So, for example, companies can't ask you to provide your details to enter a competition to win a prize, and then use those details to send you promotional offers, without having asked for permission first.
Your details were provided for a prize, and that’s all they may be used for (to let you know if you’ve won).
Whether you’ve won or not, those details can’t be used or stored any further after their purpose is done.
So if there are several purposes then each one has to be as clearly explained, and consent derived separately.
Your details used to enter a competition is one purpose, and then used to send marketing content is another.
The purposes cannot be conditional on each other – in this example, it is not allowed to refuse you entry into a competition you let your data be used to send you other content.
If a company needs/wants to send your data on to be processed then you must be told to whom.
And it it’s another company that will make decisions around how to use it, then you must give consent to that each named company to have it first.
Then, the user must have properly free choice about whether to provide consent.
This means incentives for giving it are not allowed, and neither can people’s access to unrelated services be compromised or refused if they don’t provide personal information.
For example, it is no longer lawful for a store to require you to provide your email address as a condition for accessing their free WiFi.
End of confusing opt ins
Finally, consent must be unambiguous.
No little tricks such as pre-ticked “I agree” boxes, or declaring that closing windows comprises consent, and so on.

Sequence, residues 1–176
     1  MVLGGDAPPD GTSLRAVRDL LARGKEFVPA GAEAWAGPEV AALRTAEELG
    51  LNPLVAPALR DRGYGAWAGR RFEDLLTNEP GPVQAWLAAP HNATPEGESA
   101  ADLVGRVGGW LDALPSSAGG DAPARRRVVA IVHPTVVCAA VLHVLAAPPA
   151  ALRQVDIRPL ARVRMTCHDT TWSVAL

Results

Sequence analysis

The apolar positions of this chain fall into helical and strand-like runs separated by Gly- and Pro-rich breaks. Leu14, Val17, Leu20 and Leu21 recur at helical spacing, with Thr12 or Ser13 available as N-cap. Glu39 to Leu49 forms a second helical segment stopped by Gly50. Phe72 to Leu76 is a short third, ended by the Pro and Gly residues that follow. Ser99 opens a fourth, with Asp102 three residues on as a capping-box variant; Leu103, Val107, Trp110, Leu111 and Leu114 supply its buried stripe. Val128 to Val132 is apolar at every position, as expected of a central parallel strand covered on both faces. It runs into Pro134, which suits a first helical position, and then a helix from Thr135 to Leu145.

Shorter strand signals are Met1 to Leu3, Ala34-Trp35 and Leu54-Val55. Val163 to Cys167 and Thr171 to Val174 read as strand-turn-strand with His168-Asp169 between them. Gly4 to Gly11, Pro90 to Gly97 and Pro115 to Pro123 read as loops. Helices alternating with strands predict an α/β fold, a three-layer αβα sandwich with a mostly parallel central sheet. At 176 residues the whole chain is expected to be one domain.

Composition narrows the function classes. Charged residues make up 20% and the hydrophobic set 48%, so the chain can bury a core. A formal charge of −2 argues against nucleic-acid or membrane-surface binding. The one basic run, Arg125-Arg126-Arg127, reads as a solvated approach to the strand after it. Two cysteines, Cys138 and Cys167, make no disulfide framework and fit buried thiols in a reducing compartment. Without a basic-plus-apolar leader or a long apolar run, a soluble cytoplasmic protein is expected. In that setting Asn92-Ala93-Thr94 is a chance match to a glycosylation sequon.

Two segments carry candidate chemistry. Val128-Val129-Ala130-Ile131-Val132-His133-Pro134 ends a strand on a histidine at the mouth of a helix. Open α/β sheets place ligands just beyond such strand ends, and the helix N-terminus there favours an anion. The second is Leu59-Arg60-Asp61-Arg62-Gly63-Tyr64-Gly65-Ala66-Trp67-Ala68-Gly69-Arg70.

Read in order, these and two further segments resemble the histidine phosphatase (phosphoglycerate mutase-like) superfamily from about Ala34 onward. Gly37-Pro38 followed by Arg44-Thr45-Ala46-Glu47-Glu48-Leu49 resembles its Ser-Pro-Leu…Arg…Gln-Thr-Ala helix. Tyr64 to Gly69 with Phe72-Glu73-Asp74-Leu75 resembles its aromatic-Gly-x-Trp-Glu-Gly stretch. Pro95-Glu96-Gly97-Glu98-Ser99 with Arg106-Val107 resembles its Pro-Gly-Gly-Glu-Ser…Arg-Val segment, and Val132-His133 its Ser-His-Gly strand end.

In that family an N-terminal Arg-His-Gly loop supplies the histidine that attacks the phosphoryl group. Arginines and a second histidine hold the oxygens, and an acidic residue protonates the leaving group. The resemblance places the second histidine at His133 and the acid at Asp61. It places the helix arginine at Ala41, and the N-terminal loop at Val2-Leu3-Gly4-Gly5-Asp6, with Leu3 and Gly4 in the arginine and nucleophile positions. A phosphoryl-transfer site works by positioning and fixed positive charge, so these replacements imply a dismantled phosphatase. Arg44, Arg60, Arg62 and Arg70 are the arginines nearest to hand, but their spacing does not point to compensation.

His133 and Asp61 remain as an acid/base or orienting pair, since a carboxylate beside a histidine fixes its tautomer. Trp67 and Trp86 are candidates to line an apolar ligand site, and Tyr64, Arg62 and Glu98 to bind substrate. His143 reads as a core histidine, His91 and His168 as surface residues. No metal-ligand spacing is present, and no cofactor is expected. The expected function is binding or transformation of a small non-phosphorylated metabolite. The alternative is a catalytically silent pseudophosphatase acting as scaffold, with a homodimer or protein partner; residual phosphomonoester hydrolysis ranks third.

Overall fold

It must be an affirmative action by the consumer that can be recorded and cannot be doubted.
The law has made it very, very expensive for companies to risk ignoring, and means your online life should be a little more safe and secure.
What is loveMONEY doing about GDPR?
Now that we’ve covered what’s changing, we wanted to be clear about what we have done about the new rules.
As you may know, we are part of love Inc. which also includes loveFOOD.com, lovePROPERTY.com and loveEXPLORING.com.
Any personal data that is held for any of these sites is centralised in a single Love Inc. database.
The only piece of personal data we retain is your email address, which we need to send out your newsletter subscriptions.
Each time we send a newsletter to a registered recipient technically counts as a data process.
This is the only time we ever process customer data.
However, there is additional data that allows us to track delivery and engagement information about readers.
- Whether or not an email was successfully delivered to a specific address;
- Whether the recipient opened the email;
- Whether the recipient clicked on the email.
How to manage your data with loveMONEY
We only send newsletters to people who actively opt in/request to receive them from us.
We do not “pre-check” any opt-in boxes, at any stage.
If you are unhappy with the emails you are receiving from us, these can be easily changed in your email preferences.
We also include a link in every email that we send out that takes you directly to your subscription management page.
No other personal data is retained.
The same is true for users who have simply signed up for any of the love Inc. email newsletters or those who have fully signed up and selected a username in order to leave comments or post within the ‘Q&A’ sections.
Fully registered users are also able to log-in and update settings.
What about companies we work with?
Love Inc. works with third-party advertising partners and allows third party cookie access.
We do not pass information to third parties but they are enabled to use their own cookie data to present users with targeted offers, promotions and messages.
For full transparency, here are all the third parties we currently work with or are in the process of doing so: Doubleclick Ad Exchange, Rubicon Project, Google, Pulsepoint (ContextWeb), Conversant Media (Valueclick), Media.net, Applaud Media, Teads, inSkin, DistrictM and Outbrain.